What was even the point of this article? Probably just another way to procrastinate on starting my 3,000-word essay. But it’s more writing than I’ve done in a long while.

On a lighter note, I’ve been winding down lately by watching some classic movies and been reading/watching film articles/reviews. A more productive way to waste time. I feel like I’m expanding my film education and teaching myself to look beyond the dimension of purely story and look at things like cinematography, music composition, framing, and so on. Though the story will always be the most important aspect, of course. I’m going to nip to the library then possibly watch A Clockwork Orange before bed. Not the lightest movie, but I need some more Kubrick in my portfolio.

I’m always changing my mind about the future, but another thought for after graduation was work for a year and save up money, maybe as an ALT in Japan, before doing another exchange and studying film for a year, possibly in Colorado. A bit ambitious, and just a thought, but that would be insanely fun.

I shall end this post by imitating Obama at this year’s White House Correspondents’ Dinner, though of course with far less charisma and far more cringey awkwardness. 

Bethan out.

*drops the mic*



(Told you.)


Thank you, Trey and Matt.

I didn’t think it possible to love South Park more than I already did, then Season 19 Episode 6 aired. I, as did all the other internet fangirls around the globe, lost my shit. It was 5.30am Thursday morning, UK time, and I’d woken up early to stream the episode, as I do every week, because I don’t live in the US and can’t watch the show on Comedy Central when it airs. (Every week I act like Cartman pacing in front of the Nintendo Wii displays in ‘Go God Go’, Season 10. ‘Come on… come ooooonnn…’) And now I’m sitting here, having watched the episode twice in a row, trying to contain my feels and figure out what the fuck to say. I don’t think I can ever move on from this. That was the best episode, ever.

As an ex-yaoi fangirl (okay, ‘ex’, who am I kidding), a speaker of Japanese, a fan of Asian culture (glad to see a little more Korean exposure this week! If they did a kpop-centered episode, ‘I would be sooo happy’…) and a South Park shipper myself (Kyman, thanks for asking), this episode was everything I could have ever wanted. I guess you could say I was one of South Park‘s targets this week, and I fucking loved it. The hashtag ‘#kinkshame’ popped up all over Tumblr.

I am so happy, and I don’t know who to talk to about it. All I can do is grin like an idiot, clutch my face and whisper, “Oh my God, OH, MY GOD.” I’m glad I got that out.

Where does South Park go from here?

I don’t know. But I know I will follow it always.

Day 227: Nikujaga; Japanese cooking 木曜日・2015年4月30日

I succeeded in making nikujaga today! It’s basically a meat and potato dish, kinda looks and smells like hot pot, but it’s a Japanese invention. I ended up using dashi stock, mirin and cooking sake for the first time in my stay in Japan, hence why I consider it the first real Japanese meal I’ve made. Taken from a Japanese cookbook, and everything.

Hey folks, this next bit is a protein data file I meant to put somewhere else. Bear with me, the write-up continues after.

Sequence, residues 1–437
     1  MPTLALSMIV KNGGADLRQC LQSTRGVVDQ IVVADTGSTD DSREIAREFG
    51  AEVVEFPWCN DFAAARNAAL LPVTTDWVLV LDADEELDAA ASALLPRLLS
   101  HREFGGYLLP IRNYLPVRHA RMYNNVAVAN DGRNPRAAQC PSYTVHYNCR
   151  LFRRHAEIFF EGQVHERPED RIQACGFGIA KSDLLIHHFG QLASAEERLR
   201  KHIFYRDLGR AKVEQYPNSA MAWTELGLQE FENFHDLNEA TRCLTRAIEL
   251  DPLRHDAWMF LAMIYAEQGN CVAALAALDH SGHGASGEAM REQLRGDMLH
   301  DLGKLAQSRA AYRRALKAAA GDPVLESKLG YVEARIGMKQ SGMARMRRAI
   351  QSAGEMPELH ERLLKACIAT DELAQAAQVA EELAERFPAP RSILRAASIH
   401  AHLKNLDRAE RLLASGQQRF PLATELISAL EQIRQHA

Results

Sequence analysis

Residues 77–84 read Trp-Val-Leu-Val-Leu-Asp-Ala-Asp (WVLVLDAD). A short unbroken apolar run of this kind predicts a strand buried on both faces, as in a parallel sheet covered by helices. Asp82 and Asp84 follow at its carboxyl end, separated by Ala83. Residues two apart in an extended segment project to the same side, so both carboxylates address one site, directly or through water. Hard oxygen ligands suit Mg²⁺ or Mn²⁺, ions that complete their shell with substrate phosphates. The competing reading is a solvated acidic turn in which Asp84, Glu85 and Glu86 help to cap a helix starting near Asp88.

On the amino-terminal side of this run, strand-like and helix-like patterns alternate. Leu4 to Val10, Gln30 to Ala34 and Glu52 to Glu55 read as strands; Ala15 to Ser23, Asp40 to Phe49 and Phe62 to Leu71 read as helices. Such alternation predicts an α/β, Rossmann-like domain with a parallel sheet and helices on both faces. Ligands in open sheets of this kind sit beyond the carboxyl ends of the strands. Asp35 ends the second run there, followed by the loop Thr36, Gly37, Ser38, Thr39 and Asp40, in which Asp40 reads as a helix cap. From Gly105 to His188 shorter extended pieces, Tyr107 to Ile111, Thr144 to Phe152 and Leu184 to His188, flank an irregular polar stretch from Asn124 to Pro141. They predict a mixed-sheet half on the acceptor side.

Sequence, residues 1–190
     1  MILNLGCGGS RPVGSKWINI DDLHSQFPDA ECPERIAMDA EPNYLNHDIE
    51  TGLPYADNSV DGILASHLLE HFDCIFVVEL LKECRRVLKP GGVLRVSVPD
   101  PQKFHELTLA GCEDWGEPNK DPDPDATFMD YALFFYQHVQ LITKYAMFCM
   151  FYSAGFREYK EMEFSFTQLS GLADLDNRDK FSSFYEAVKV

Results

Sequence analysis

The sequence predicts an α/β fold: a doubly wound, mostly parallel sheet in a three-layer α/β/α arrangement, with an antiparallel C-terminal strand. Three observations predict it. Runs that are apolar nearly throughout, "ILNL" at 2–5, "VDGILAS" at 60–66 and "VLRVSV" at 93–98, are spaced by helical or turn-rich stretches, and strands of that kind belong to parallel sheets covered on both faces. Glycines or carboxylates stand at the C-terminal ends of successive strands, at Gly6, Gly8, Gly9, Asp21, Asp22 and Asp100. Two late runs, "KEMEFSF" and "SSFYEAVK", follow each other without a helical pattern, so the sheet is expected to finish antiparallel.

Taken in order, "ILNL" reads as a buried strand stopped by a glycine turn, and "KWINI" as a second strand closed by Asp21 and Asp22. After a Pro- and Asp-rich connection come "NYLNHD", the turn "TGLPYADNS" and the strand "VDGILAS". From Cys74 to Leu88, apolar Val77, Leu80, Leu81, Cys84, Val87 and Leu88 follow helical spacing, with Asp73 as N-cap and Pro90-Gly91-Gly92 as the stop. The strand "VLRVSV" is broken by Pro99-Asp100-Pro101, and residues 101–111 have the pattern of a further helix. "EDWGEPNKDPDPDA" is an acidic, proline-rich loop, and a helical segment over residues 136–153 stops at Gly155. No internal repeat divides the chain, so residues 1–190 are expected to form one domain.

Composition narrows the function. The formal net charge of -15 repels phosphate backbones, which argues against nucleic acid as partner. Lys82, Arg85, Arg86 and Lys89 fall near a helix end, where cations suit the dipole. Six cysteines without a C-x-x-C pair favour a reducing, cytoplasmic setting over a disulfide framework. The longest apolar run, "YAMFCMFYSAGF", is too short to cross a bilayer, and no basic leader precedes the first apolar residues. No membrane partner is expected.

It turned out really well, too. Mouth-wateringly so.

It’s a pity I didn’t start using that cookbook earlier. It’s “450 Fry-Pan Recipes”, so basically meals that only require one frying pan, sometimes with a lid (like today), and nothing more, which is perfect for a tiny student kitchen. But I only have 123 days left, so I’m not going to be able to make every single recipe. Besides, not all of them are strictly-speaking healthy, and that’s what I’m trying to be. Healthy. But it’s been a while since I ate as it’s getting late, and it’s hard not to fantasize about karaage chicken. Well, I have another Korean Chicken night coming up on the 9th, so I just need to  hold out until then, and then I can stuff my face.

Recipes in the cookbook include pan quiches,pan pizzas, tofu soup… all sort of delicious-looking things. I’d better stop thinking about food now.


Day 201: Korean chicken \(^0^)/ 土曜日・2015年4月4日

I like the number 4. So I was pleased today when I saw the date was 4/4. It’s actually an unlucky number in Japan as it sounds similar to ‘death’ in Japanese. I did have a kind of unlucky day, come to think of it. Well, half-lucky, half-unlucky, if you know what I mean. Like something unlucky would happen but I would just about get away with it and not have to suffer the horrific consequences. If only it could have been that way when I dropped my phone down the toilet at Christmas. Even the weather was conflicted – warm and sultry but the sun was covered by a thick layer of clouds.

Well firstly. I overslept, but I woke up with 15 minutes to get ready before my first client, so that’s the first strike for both rotten luck and good luck. My second bout of bad luck was by far the most destructive thing I’d done in a while. I was rushing around setting up my laptop for clients when I accidentally tripped over the charger cord and it ripped the connecting end out of the laptop socket. When I went to plug it back in I discovered that I’d yanked the connecting socket out of place, partially breaking my laptop, and I couldn’t plug the charger back in. Obviously, I panicked. My laptop was about 90% charged but I had two straight hours of Skyping ahead of me and the battery runs lower when transmitting a live feed. Not only that, but I was envisioning having to cancel 30 bookings that I’m due to undertake this week and instead of earning money I’d be losing money trying to repair my laptop.